You Can't Hide Any Longer

December 16, 2016

My sister and I with Frances, image courtesy of the Browns

 

WEDNESDAY, AUGUST 31, 2016

I think I slept ok. Yesterday was long and busy enough to make that happen. As usual, I set my alarm to look responsible. A floor below, I could hear the typical traffic of the house and headed down to join the noise. The coffee was its usual hot and ready and I grabbed something to eat. Five days had come and gone pretty fast, but it was time to get realistic about what was to come. Ahead of me was another long drive, alone, but now with a double dose of heavy heartedness. Frankly, I am not sure how I made the drive up with only the breakup under my belt. Knowing that I am driving home for more heartache was insufferable, but I had no choice. I had to get myself home. It was decided that it would only be my sister coming home for the service, meaning she had to have her own car. In addition to needing to get herself down there, she had to first stay with the kids for another hour because her husband had a meeting with a client in the morning.

 

The thinking was that I would leave and she wouldn’t be too far behind. With this in mind, I didn’t see the point in taking a shower there. All the attempts at gussying up would best be made at home. During the drive back, I was feeling extremely nervous. Miraculously, I had managed to steer clear of the truth of what had taken place for days. In the beginning, I thought that perhaps my family was right; there was no need for me to be there any sooner. I realized now, that I was basically jumping into a hot frying pan as a result. I was second-guessing what I wrote for the program on behalf of my sister and I. Here was my chance to be liquid with words and I thought I stumbled and hadn’t said enough or the right thing. I had no clue what I was going to wear to the viewing or at the service tomorrow. I had no real sense that any of this even happened, nor how I was going to respond. Thank goodness again for the XM comedy radio station to neutralize my thoughts, because it would have been just as easy for me to pull over on the side of the turnpike and fall in my feelings. I would have been one big, hurling ball of irrepressible emotion.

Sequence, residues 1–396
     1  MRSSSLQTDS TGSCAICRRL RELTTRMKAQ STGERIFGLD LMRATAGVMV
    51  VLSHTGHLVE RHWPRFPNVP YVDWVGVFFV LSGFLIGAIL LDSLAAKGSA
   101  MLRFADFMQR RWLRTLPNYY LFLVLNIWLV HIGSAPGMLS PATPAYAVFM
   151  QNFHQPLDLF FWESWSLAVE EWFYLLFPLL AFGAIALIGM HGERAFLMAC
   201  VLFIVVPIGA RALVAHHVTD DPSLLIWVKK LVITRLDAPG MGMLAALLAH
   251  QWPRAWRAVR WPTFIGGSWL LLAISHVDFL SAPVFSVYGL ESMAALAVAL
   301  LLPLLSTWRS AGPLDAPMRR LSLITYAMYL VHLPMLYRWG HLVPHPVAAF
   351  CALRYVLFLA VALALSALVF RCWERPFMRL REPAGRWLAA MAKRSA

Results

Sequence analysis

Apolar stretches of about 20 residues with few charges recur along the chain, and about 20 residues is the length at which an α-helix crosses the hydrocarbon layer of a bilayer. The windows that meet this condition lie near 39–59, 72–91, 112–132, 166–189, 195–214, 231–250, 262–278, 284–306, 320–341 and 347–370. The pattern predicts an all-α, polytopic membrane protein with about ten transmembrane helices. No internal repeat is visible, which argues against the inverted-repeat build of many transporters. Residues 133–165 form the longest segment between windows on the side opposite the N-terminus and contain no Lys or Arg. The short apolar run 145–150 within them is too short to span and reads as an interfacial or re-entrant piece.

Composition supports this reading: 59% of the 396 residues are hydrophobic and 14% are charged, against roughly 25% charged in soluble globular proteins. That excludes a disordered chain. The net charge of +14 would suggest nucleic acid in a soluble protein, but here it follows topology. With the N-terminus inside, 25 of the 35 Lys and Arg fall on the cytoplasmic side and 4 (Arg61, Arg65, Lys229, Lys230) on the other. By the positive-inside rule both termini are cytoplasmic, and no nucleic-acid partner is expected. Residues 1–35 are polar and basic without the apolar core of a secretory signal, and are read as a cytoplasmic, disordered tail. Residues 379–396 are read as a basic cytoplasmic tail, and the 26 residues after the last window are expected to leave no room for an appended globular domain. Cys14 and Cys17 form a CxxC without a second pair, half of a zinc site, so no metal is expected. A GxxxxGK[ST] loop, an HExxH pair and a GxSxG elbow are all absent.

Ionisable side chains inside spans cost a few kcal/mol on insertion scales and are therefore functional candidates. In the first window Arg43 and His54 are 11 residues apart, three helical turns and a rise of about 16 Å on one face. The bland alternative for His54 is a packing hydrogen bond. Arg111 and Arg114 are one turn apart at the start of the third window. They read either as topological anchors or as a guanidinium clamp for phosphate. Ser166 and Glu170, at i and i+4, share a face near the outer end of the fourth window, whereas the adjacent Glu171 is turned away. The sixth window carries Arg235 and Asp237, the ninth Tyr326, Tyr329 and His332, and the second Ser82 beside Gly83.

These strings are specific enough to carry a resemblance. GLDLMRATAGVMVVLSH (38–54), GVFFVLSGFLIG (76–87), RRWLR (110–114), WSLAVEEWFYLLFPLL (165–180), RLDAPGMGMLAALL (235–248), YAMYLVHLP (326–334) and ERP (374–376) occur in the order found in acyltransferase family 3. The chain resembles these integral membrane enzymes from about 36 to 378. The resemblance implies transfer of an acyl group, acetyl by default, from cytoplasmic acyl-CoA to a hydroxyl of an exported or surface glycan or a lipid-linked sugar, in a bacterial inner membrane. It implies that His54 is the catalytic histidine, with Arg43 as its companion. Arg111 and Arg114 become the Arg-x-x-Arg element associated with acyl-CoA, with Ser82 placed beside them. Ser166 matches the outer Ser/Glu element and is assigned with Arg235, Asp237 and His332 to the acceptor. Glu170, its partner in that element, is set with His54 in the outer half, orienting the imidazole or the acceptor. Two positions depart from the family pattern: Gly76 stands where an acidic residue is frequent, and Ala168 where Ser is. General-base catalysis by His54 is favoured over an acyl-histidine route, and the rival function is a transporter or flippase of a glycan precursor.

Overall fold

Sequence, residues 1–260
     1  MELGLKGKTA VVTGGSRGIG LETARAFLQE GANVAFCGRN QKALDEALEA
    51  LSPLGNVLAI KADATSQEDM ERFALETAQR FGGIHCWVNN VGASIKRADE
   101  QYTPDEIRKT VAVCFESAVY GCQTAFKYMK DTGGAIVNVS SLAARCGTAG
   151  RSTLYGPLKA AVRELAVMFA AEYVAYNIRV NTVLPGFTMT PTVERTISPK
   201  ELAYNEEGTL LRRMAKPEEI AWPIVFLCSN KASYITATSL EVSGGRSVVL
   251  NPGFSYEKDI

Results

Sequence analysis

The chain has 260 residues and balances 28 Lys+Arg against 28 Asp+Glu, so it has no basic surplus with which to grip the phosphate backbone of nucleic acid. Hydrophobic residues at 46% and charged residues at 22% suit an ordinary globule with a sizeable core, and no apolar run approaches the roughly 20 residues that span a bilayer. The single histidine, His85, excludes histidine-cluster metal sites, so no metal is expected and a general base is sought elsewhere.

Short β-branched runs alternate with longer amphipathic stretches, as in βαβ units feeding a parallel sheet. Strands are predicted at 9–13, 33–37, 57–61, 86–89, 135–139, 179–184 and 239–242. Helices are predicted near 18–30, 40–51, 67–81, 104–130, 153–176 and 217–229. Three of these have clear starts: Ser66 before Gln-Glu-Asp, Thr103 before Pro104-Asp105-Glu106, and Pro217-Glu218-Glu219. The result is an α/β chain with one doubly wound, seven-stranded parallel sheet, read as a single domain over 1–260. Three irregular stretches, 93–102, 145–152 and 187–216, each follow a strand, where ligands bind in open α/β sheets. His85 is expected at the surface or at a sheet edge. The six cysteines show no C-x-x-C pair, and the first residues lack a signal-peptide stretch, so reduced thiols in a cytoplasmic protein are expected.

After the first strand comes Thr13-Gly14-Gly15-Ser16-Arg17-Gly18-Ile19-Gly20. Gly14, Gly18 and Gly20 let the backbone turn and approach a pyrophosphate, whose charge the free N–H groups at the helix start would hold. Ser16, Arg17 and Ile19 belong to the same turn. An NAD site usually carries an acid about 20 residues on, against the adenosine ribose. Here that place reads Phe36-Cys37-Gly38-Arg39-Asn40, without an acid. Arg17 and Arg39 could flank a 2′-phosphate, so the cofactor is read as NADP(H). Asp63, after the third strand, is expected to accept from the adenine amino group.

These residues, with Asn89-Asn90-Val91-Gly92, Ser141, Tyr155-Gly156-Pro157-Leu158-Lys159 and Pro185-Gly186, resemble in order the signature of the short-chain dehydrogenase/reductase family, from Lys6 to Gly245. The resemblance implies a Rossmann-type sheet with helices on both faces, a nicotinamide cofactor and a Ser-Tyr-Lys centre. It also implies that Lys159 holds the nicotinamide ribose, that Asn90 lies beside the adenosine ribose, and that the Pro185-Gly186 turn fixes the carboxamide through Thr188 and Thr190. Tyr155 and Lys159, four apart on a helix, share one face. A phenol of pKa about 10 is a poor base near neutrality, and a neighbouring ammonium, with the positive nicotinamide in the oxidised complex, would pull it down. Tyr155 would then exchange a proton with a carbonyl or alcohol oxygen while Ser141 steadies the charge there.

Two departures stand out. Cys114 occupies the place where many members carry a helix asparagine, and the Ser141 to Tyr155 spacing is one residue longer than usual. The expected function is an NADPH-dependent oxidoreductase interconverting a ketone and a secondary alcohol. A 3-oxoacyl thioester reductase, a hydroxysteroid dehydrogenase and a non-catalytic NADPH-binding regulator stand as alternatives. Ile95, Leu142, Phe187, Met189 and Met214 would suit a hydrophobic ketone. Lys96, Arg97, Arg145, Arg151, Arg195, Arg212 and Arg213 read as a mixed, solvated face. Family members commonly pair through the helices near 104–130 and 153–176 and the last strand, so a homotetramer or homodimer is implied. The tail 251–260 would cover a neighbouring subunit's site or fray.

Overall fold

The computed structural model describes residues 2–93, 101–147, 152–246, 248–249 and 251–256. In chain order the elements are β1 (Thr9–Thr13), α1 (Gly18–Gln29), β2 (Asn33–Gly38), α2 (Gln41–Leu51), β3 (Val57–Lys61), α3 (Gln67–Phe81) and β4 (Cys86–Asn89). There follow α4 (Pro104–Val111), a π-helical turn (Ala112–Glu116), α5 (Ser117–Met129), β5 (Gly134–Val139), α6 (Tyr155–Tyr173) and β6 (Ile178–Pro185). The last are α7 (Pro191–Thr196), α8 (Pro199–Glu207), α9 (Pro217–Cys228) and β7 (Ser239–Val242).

I had already known from an earlier conversation that my parents would most likely not be there when I got home. There were some things at the funeral home and at my grandparent’s that they had to take care of before the viewing. Immediately, I began to get ready when I got in the door. It was difficult. I was more or less bumbling around. Fumbling almost. The viewing was scheduled from 5:00 - 8:00 pm and I knew that my sister would be arriving soon. I tried my best to put together an “outfit” so that would be one less thing to worry about. The shirt and pants were ironed by my robot self and my nails got a half-ass coat of polish. The earrings that I decided to wear have a bit of a story. On this recent trip out to the Midwest for filming, I purchased black dangling earrings outline and encased with specks of Dakota gold. My original plan was to give them to my sister, but I was still on the fence. What can I say? They were growing on me. They weren’t quite my style, but they looked like something my grandmother would wear, and now that was more precious to me than anything. I decided to wear them. Besides having made that definitive decision, I was back to my robot self. When my sister arrived, she got settled in, came up and down the steps a few times to talk and got ready.

 

I drove my car to the viewing, to give her a break. To our dismay, the traffic was hellacious. Around here, the bewitching hour is anytime between 3:30 and 4:30 pm. Where my parents live, there is a community college and a high school and slow turning lights on two lane streets. On the inside, my blood was reaching its boiling point. We had somewhere that we needed to be. I made a quick assessment of the stopped lane of cars and made a u turn in right in the middle of the street, thinking that the alternative route would be much better. It was not; it was as bad or worse. Every car and every person was on the road at the same time. The world was working against me. Taking twice as long as it normally would, we finally got to funeral home. When I turned the ignition off, I stopped breathing and felt panicked. I had no time to think about this or for reality to hit me. Only when we got out of the car and I saw a friend of my aunt’s that I hadn’t seen in years, I knew that I was not ready. I hadn’t even thought about all the people that I would have to see. For a brief moment we caught up. Probably seeing the shell-shocked look on my face, he left my sister and I in the parking lot.